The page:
California: Crew completes emergency fixes before fresh storms

14 Feb 2017 | By NewsBytes Desk
Cracks in America's tallest dam

Engineers successfully managed to conduct emergency repairs on a crumbling overflow channel of the Oroville Dam in California.

However, the evacuation orders for those living downstream from the dam were still in effect. Authorities are expecting fresh storms in the region, that may increase water levels again.

Authorities seek to lower the overall level of water in the lake by 50 feet.

In context: Cracks in America's tallest dam

The damThe Oroville dam

The Oroville Dam was completed in 1968 and stands 234 meters high.

It is the tallest dam in the US and is primarily used for water supply and hydroelectricity generation.

It holds Lake Oroville, which is the second largest man made lake in the US.

It is located in the Sierra Nevada foothills east of the Sacramento Valley.

WhatWhat is the emergency at Oroville?

Heavy rains on 7 February led to an alarming rise in water levels at the dam.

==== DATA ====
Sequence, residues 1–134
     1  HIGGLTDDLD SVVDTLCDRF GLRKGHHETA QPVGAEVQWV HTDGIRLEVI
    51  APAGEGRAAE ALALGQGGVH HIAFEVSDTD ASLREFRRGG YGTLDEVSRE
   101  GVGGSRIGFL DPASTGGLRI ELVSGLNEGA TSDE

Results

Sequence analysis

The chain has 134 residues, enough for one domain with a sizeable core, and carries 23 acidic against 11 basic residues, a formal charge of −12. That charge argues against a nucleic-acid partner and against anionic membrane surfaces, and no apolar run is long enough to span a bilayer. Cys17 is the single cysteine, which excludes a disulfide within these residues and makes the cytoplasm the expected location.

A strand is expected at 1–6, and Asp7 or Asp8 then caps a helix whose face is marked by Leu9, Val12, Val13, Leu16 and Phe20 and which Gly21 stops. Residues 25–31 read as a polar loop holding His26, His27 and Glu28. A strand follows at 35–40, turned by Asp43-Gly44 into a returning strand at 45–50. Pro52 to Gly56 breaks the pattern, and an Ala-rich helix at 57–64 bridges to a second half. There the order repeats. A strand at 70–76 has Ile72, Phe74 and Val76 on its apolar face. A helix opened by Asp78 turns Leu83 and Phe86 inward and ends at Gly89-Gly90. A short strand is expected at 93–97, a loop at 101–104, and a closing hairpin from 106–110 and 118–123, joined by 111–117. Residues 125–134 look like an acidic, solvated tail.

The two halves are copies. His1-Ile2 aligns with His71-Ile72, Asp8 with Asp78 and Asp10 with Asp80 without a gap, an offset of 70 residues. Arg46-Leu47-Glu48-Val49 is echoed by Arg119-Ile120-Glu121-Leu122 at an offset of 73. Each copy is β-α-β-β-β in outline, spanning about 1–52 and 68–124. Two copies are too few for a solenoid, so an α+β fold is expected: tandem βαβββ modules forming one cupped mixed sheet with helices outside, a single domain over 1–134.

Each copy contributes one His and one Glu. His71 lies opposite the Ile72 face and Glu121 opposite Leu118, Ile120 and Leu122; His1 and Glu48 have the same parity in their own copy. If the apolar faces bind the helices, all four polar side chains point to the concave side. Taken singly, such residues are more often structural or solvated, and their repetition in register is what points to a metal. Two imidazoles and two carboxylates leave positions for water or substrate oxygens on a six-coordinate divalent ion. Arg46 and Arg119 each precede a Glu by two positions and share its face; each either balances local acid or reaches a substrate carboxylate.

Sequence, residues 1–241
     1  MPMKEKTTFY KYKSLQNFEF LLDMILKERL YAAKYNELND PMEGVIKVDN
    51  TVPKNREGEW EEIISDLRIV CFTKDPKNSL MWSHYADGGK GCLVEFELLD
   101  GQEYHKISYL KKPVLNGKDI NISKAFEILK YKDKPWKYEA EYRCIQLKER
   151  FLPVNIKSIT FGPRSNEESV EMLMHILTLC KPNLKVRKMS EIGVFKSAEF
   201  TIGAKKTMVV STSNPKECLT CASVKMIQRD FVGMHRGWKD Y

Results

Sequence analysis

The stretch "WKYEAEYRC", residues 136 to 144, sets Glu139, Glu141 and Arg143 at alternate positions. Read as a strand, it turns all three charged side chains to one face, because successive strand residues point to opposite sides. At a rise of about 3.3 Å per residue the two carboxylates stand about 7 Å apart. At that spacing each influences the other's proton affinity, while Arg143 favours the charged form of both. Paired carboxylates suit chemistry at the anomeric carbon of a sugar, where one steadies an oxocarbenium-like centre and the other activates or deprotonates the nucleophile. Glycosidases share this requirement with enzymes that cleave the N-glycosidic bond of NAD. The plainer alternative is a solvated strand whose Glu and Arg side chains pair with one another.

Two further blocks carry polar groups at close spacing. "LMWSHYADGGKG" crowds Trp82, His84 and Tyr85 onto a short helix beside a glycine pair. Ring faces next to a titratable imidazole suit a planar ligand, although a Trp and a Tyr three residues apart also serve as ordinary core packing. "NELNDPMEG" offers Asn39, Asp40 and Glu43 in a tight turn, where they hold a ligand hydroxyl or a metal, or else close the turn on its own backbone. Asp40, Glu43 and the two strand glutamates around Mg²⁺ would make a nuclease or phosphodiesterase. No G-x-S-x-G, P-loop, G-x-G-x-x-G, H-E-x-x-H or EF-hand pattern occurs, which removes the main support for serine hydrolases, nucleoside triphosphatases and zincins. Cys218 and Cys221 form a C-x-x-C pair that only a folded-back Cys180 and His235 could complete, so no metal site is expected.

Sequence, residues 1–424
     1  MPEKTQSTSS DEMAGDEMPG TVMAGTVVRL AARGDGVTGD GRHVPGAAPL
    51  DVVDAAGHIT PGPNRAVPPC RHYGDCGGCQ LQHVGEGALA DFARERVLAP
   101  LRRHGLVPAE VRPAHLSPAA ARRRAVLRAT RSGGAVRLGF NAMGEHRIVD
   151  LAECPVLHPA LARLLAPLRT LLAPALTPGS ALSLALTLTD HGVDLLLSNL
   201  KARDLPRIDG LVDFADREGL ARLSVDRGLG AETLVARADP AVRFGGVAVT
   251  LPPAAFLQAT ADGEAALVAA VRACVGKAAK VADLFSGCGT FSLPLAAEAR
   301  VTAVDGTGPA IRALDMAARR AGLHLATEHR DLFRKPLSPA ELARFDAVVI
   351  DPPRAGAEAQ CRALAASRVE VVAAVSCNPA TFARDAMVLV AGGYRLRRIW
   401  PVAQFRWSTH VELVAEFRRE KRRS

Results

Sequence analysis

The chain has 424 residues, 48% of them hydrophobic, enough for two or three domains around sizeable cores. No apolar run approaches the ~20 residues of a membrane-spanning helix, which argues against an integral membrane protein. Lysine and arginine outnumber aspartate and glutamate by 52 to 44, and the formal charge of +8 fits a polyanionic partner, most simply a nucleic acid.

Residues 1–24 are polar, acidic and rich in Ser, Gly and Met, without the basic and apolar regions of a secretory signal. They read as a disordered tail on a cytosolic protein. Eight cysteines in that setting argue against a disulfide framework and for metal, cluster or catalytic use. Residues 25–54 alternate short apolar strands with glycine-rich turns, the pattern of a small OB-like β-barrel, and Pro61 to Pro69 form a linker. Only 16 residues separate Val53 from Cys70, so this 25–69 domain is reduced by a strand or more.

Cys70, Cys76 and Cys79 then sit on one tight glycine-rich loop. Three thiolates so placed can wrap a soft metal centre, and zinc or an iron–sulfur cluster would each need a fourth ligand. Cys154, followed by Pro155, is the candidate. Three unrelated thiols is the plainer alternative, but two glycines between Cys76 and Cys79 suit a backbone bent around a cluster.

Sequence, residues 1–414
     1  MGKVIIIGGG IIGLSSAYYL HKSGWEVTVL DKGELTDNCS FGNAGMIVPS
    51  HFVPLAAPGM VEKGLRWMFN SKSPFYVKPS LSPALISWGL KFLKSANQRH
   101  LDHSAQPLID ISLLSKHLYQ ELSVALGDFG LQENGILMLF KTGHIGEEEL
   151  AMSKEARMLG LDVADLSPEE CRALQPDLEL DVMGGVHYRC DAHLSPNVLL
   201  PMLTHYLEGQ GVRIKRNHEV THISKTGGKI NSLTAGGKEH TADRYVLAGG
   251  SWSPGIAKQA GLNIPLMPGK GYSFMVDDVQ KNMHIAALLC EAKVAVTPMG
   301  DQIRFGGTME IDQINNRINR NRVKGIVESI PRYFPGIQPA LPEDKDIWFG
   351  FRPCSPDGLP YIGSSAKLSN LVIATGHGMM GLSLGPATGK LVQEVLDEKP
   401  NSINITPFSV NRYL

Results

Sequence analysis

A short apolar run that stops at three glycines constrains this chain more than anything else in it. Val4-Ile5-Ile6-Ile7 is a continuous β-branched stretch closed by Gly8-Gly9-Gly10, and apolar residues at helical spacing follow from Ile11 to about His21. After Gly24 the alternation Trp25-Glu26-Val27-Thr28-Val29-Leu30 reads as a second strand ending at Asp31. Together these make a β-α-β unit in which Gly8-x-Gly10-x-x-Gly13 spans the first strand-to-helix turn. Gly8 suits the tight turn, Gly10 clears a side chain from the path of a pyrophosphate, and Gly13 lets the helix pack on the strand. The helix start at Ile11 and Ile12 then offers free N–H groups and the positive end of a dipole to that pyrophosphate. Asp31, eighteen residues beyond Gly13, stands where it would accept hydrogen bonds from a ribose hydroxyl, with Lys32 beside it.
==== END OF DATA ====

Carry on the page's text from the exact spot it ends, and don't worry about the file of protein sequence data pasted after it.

Authorities began releasing water from the dam's spillway, however a crater appeared in the main spillway, forcing authorities to use the auxiliary spillway.

By 12 Feb, land under the auxiliary spillway also began to erode under the sheer force of the water, prompting fears of an imminent collapse.

Love World news?
Stay updated with the latest happenings.

Balancing the main and auxillary spillways

By Feb 13, the crater in the main spillway was over 500 feet wide, and the erosion in the auxiliary spillway had almost breached its wall. Hence, authorities are balancing out the release of water from both, to ease pressure on them.
How dangerous is the situation?

DangerHow dangerous is the situation?

Over 188,000 people live down stream from Lake Oroville's auxiliary spillway, which authorities fear could collapse at any moment.

The collapse of the spillway would create a 30 foot breach in the dam, leading to an uncontrolled release of millions of gallons of water, directly on to communities downstream.

Engineers fear that the auxiliary spillway's damage could also affect the main spillway.

RepairsThrowing rocks at the problem?

Preparing for worsening weather, engineers began conducting emergency repairs.

In an attempt to close up the gaps and control the erosion, authorities began dropping bags of rocks and sand on the cracks and craters.

They have also shut down the hydroelectricity generators to avoid damage to the equipment.

Authorities expressed hope that sand and rocks would reinforce the eroding spillway.

14 Feb 2017California: Crew completes emergency fixes before fresh storms